Monday, 8 February 2010

Teenage Kick (and glide)

Just 12 hours after stepping off the train after a weekend in Ustaoset I was back at the train station to meet 28 teenagers and a teacher for five days of cross-country skiing, based at Mjølfjell Ungdomsherberge, a hostel nestled beautifully in the arms of a wonderful valley.

First job was to get the kids familiar with their skis, especially those who were using skis supplied by the instructors. Kids were shown how to wax skis and use the various different types of bindings before being given instruction on how to kick and glide across the flat car park. Basic 'ski school' drills were also practiced on a nearby slope to give those kids who had never skied before some basic control in going up and down a gradient. We practiced 'herring bone' and side stepping upwards before trying snow plowing to control speed going down. All of this was done with fun and games in mind and the kids were smiling despite the falling snow and chilly -15C.

We also took the kids on some short, flat tours around the hostel to allow them to practice their new found skills on gently rolling terrain. We stopped for lunch out on the trail and sat around a fire which is always good for keeping warm and spirits lifted.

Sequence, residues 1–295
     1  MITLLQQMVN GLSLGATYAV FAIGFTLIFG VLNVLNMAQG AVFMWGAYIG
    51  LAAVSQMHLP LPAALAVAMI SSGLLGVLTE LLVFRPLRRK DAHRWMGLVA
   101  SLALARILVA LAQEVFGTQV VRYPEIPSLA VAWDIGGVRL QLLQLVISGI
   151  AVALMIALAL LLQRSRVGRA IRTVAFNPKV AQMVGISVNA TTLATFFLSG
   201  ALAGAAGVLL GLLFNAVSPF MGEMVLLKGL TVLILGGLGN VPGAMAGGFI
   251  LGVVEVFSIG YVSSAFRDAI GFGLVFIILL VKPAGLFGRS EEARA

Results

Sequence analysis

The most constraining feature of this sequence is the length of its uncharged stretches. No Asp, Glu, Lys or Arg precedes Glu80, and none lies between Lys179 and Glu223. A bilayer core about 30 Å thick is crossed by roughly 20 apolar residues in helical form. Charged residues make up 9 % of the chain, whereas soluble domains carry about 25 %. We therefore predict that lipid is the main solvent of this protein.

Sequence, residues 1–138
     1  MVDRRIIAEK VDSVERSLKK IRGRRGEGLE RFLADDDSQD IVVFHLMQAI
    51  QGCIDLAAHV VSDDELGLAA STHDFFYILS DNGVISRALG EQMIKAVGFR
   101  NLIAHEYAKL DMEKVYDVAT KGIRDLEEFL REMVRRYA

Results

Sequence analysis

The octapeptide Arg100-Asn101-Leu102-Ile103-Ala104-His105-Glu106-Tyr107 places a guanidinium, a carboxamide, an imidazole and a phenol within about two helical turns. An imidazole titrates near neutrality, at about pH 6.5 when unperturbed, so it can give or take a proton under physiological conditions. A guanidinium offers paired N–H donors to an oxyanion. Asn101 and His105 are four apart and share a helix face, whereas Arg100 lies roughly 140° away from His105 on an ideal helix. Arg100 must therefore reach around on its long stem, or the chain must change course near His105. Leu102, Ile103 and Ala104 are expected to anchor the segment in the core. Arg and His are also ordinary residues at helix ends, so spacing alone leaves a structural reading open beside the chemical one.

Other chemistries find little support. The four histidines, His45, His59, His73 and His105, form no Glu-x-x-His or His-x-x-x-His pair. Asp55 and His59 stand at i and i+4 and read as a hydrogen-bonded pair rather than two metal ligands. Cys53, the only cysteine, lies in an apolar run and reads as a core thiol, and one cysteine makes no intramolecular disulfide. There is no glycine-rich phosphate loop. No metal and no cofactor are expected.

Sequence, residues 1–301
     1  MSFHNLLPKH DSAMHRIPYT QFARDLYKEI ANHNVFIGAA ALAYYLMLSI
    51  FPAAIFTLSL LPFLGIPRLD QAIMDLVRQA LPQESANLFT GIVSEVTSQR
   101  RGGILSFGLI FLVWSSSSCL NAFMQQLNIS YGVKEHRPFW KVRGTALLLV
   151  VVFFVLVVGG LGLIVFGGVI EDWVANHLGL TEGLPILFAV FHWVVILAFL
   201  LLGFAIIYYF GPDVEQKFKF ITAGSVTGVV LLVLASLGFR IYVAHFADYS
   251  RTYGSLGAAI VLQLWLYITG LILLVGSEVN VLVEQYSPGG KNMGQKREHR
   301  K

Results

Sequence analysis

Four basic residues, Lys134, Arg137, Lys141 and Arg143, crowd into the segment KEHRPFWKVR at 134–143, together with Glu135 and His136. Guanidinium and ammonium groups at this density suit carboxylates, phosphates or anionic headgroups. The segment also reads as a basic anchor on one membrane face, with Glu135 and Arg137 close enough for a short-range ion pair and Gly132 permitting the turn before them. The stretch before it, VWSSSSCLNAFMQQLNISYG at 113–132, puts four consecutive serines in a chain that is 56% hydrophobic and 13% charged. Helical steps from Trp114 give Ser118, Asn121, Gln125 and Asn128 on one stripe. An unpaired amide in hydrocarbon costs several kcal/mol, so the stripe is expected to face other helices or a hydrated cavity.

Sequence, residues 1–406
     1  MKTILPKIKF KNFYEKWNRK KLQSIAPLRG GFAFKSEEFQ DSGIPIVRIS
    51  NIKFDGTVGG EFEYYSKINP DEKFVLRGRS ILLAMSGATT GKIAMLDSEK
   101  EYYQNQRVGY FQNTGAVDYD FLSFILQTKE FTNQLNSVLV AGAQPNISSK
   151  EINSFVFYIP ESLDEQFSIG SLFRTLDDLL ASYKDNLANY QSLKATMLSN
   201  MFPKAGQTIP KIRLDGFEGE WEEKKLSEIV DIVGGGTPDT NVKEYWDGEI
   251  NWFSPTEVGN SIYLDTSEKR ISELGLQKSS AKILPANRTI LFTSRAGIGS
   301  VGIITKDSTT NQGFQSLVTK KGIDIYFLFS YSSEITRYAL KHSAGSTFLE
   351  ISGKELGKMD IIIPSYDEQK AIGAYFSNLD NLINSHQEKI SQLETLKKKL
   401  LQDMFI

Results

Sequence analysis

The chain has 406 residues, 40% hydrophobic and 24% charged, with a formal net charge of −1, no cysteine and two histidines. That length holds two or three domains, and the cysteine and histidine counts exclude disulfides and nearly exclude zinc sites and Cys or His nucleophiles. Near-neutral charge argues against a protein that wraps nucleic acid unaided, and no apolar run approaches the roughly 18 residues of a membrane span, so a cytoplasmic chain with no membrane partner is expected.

The accommodation was great, beautiful views outside your windows and more than enough to eat. Each morning we made lunch packs from the extensive buffet breakfast. Kids soon learned you burn a lot of calories skiing and trying to stay warm and from two sandwiches on the first day we soon started seeing six and seven tier sarnies being constructed. My new favourite is the 'Basso Bar'. Named after the Canadian ski instructor and teacher who was leading the week it requires layers of crackers/Ryvita topped with jam, pate and cheese to deliver dense calories all day long.

The ski tours and skills lessons continued. One afternoon myself and another teacher led a small group on a tour down the valley in search of the sunshine that was shielded from the hostel by a mountain. The weather was improving every day, more sunshine and the mercury steadily climbed.